After about 6 months of development, Sensor Node is ready! It’s been a roller-coaster of technical and logistical challenges, but in every way, it has been worth it. Let me tell you how it came about.
This all started about 6-8 months back during a conversation with a friend of mine. This may or may not have taken place in the pub (actually, it definitely did). We were blowing off a bit of steam about work, as you do. The fellow in question happens to be a very passionate and well informed advocate for healthy homes and the conversation turned to cold and damp housing in New Zealand, and the current difficulty in measuring it. For my part, I was an electronics engineer, and had recently been working on a project monitoring Kākāpō for the Department of Conservation. Between us, we came to the realisation that if you can monitor what parrots are up to, on a remote Pacific Island, monitoring people’s houses should be a piece of cake. I had also recently read Lance O Sullivan’s autobiography, which was hugely inspirational. The idea was born.
Moreover, it really needed to be done. According to the health statistics, on average 20 children die and 28,000 are hospitalised every year in New Zealand from preventable diseases like asthma, pneumonia and bronchiolitis. What was needed above all was a means of recording the temperature and humidity in at risk homes, and a reliable means of generating real time notifications if certain conditions were not met. The main complication was that, for the most part, the target homes do not have an internet connection; 3G and the like are too expensive and power hungry. The answer was Low Power Wide Area Networking (LP WAN). Of the leading technologies currently available, the best suited to our needs was Sigfox, a 920 MHz IoT network, designed specifically for carrying small packets of data, with unparalleled receiver sensitivity. Which means you can send a small message a really long way, without draining your battery too much! Perfect!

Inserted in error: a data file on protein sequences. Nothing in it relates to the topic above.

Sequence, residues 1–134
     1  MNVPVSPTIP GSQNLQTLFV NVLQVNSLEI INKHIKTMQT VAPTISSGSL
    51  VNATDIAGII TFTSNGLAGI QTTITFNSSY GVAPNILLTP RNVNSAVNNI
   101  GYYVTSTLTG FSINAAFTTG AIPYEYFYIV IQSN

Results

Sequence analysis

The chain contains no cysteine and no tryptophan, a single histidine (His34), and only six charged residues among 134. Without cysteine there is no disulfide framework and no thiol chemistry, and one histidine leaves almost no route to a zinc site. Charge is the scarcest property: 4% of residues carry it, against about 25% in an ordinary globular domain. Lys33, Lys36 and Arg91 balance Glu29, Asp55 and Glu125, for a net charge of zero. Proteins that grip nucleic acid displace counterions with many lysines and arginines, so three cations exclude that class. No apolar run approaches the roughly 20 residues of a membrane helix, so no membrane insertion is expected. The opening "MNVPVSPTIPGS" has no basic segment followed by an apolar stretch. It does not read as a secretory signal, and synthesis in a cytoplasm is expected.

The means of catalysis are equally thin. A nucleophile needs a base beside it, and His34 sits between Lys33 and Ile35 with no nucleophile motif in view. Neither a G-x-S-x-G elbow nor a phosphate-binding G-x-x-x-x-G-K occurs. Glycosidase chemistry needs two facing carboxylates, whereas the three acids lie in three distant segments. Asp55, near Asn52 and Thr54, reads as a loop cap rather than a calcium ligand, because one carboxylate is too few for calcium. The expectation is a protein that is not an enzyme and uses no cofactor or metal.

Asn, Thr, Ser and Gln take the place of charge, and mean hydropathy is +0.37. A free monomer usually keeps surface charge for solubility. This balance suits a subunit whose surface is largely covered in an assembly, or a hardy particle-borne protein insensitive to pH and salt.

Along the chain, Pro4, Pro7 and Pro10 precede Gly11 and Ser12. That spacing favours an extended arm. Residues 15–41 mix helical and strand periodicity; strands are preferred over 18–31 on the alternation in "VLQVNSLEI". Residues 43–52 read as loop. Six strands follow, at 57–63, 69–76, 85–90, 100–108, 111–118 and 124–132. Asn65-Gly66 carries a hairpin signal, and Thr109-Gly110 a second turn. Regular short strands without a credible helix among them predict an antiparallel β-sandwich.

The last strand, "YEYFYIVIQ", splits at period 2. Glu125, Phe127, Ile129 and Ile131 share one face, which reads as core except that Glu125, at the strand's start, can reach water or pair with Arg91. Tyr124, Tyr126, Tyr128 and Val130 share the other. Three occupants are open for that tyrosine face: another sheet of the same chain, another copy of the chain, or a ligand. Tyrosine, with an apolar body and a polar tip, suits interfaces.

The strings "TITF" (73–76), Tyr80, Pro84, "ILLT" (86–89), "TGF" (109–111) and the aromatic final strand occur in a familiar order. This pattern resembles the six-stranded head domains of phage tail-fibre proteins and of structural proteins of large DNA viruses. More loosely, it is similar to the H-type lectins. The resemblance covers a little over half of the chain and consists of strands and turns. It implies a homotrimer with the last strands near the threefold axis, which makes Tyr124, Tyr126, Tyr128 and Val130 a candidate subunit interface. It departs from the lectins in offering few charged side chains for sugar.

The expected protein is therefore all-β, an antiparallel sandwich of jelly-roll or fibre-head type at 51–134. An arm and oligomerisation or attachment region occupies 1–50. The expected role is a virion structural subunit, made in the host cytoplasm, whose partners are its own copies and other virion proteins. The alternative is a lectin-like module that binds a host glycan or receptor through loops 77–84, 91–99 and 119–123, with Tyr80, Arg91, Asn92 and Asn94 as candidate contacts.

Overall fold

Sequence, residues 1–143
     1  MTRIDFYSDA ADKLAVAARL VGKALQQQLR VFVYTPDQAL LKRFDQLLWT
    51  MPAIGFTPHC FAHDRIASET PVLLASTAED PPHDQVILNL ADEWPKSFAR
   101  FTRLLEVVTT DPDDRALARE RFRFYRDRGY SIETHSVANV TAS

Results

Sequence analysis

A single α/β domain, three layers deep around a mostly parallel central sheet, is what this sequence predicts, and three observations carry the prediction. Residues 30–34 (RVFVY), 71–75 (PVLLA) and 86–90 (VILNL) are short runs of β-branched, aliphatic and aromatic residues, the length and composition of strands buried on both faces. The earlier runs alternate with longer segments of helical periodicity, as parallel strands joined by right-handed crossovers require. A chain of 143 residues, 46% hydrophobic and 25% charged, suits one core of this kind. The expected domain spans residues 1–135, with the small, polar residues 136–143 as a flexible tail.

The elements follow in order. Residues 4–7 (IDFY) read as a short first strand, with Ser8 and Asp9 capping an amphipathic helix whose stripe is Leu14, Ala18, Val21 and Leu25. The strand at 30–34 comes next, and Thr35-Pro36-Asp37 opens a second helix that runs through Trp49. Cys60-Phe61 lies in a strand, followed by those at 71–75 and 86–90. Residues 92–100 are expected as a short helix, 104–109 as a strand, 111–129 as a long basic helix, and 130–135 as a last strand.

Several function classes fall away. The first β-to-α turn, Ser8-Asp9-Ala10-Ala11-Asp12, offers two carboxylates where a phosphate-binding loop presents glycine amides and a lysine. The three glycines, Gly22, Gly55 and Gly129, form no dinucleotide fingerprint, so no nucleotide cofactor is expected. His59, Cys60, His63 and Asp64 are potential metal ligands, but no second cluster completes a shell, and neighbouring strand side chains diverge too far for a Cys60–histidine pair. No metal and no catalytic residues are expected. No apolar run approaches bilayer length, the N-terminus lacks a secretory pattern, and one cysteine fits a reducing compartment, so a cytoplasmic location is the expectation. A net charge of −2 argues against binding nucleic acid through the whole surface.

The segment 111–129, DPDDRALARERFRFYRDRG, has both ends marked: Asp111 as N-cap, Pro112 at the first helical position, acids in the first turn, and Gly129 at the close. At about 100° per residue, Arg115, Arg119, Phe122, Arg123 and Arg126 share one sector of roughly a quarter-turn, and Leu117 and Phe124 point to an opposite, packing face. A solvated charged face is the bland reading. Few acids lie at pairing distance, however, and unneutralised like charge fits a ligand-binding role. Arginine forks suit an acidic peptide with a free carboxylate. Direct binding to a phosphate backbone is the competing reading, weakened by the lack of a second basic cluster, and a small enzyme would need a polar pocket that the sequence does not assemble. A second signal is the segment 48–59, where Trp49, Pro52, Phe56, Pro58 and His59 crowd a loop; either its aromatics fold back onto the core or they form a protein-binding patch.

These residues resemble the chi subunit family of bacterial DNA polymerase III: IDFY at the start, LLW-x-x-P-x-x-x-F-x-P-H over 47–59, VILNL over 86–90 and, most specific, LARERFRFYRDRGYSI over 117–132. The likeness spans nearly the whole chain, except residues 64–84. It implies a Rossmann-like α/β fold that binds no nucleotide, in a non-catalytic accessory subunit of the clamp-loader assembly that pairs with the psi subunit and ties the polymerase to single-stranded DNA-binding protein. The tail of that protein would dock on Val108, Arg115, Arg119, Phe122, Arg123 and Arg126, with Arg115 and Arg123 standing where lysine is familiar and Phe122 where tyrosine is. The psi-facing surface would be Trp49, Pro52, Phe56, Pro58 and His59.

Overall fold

Sensor Node was the result. After 3 spins of the PCB, and a quick refresher on RF design, it was ready. Sensor Node gives accurate, reliable readings of temperature and relative humidity even in homes that do not have an internet connection. It runs for 3-5 years on two standard AAA batteries, reporting data directly to the cloud. Data is available any time, anywhere using the simple mobile app. Set-up is as easy as scanning a QR code on the device.
Sensor Node was developed in collaboration with He Kainga Oranga, the Healthy Homes Research Programme, an incredible group of passionate, talented people.
I’m really excited to have come this far. It’s been a hectic journey, punctuated with successes, failures, one major operation and a lot of fascinating R&D. We know this is a worthy project. We hope you think so too. Please share the word. Monkeytronics is on the war path against cold and damp homes. But we need your support! Together we can have a positive impact for New Zealand.